I have a sneaking suspicion that I’m going through a bit of a dry spell when it comes to designing. I’m trying to stop calling these periods ‘slumps’, because I think it’s natural for creativity to ebb and flow. But also, creativity begets creativity, and I haven’t been sitting down to sketch much. So rather than panic about the lack of new ideas lately, or worrying about where the next idea is going to come from… I’m just trying to do better when it comes to practice. I’m trying to sit down and sketch more often. Even if it doesn’t lead to anything, it’s a good reminder of the importance of creative play.
Anyway, as is often the case when I’m feeling a bit lost design-wise, I started playing with stars this week. And warm colour palettes. Yellows and oranges and pinks always make me happy.
When I create block-based designs, I try to ensure that individual blocks can accommodate multiple colours as well as a single colour. I think this one works!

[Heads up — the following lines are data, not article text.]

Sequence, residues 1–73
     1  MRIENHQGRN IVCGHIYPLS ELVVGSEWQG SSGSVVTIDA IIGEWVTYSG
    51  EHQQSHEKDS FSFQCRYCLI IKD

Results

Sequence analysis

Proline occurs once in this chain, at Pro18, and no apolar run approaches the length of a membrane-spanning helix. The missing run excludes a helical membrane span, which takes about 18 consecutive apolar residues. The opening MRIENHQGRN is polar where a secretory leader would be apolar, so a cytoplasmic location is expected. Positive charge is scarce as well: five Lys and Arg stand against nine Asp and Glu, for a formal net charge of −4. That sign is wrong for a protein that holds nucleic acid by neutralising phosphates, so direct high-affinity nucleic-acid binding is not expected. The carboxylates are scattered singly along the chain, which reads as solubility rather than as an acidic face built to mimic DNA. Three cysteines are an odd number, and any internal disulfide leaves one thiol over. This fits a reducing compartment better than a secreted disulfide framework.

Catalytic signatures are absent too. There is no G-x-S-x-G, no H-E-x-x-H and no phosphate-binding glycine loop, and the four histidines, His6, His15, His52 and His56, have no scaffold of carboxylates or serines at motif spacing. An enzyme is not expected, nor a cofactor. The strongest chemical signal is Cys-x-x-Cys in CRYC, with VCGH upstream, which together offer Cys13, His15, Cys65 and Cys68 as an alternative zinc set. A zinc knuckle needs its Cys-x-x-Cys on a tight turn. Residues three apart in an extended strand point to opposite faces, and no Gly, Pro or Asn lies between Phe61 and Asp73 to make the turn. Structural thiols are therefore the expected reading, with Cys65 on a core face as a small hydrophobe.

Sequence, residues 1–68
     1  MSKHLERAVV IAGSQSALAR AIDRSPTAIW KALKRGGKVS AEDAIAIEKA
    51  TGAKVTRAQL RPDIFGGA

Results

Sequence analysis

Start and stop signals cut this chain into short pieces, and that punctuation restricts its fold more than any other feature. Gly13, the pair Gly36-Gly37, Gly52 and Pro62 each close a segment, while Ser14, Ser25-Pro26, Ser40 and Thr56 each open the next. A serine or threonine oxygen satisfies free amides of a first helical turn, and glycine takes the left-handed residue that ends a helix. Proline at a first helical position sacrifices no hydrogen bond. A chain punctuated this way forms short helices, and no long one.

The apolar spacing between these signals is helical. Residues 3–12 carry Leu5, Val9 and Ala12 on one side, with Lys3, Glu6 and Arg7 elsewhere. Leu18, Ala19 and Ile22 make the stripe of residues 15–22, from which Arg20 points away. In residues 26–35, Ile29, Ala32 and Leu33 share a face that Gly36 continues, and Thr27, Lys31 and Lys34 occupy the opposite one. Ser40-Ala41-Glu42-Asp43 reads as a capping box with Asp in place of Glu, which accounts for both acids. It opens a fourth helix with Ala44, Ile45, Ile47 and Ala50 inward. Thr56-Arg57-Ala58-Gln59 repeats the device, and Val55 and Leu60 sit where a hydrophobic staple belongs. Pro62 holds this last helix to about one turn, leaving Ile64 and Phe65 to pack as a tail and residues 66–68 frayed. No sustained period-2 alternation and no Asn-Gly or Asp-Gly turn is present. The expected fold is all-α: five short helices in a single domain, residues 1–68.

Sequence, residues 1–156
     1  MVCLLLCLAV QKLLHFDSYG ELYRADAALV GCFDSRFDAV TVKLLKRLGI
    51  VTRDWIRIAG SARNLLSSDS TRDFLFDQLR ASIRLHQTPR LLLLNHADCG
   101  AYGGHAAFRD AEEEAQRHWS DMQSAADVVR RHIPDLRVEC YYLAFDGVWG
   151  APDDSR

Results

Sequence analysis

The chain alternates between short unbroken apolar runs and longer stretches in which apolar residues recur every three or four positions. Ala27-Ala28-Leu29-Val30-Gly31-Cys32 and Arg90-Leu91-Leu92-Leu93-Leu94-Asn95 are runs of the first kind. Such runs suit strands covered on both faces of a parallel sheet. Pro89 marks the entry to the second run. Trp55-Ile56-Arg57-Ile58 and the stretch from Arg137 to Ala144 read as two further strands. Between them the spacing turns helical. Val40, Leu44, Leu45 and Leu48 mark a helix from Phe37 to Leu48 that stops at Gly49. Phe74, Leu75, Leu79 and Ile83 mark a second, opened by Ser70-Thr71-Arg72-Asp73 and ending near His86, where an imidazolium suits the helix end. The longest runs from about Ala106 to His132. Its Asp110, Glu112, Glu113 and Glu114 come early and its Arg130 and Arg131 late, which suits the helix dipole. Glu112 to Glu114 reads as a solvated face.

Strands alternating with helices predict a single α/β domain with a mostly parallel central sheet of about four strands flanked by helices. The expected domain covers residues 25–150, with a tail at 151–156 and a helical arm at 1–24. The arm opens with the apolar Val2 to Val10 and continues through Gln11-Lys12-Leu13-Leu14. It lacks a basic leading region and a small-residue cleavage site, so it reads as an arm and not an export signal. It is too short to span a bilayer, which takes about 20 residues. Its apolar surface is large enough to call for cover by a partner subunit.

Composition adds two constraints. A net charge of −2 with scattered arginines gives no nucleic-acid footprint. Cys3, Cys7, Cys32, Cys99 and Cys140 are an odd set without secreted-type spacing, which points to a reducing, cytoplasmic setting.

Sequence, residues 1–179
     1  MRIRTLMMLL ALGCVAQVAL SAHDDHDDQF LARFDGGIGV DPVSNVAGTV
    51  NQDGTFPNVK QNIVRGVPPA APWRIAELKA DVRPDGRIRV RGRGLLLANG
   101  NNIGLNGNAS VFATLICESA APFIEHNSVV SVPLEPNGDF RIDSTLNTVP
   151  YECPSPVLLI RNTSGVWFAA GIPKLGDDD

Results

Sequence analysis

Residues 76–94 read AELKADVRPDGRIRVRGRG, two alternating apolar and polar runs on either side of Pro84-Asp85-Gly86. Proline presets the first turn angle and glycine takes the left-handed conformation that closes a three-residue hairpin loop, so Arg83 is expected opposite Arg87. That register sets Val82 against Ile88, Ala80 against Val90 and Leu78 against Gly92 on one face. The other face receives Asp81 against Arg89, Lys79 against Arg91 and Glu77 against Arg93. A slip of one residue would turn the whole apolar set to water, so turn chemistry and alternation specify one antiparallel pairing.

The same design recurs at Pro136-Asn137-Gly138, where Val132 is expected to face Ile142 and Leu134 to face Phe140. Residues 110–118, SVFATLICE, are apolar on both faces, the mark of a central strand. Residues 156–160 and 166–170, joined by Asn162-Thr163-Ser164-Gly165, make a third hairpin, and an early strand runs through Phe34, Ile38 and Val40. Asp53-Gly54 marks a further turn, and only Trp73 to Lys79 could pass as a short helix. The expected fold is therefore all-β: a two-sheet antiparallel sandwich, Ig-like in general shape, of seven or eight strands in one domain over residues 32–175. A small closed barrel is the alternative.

It also works with a dark background…
…and in a greeny/yellowy palette.
I also like to see if block-based designs work with blocks coloured in an alternating palette or combination of colours. And, again, I think this design gets the OK!
To position the stars as close to each other as possible, without too much interstitial space, I’ve arranged these blocks on point with sashing. That could make them a little more difficult to piece (although I can see a workaround…).
Removing the sashing keeps the same general arrangement, but the blocks are now touching. This version would be much easier/quicker to piece, as the quilt top could be assembled in rows or columns of deconstructed blocks instead of joining whole individual blocks.
Connecting the blocks does give quite a different feel to this quilt design though. This three-colour version feels much busier to me. I find it harder to see each block on its own, without interference from its neighbours. This might just be a result of the colour scheme I’ve used here. It’s a bit easier to discern each block in the multicoloured version.
I like how the ‘connected’ version created secondary shapes between the blocks – stars within stars!
These designs could be made into quilts using basic units like triangle-in-a-square blocks, squares and rectangles.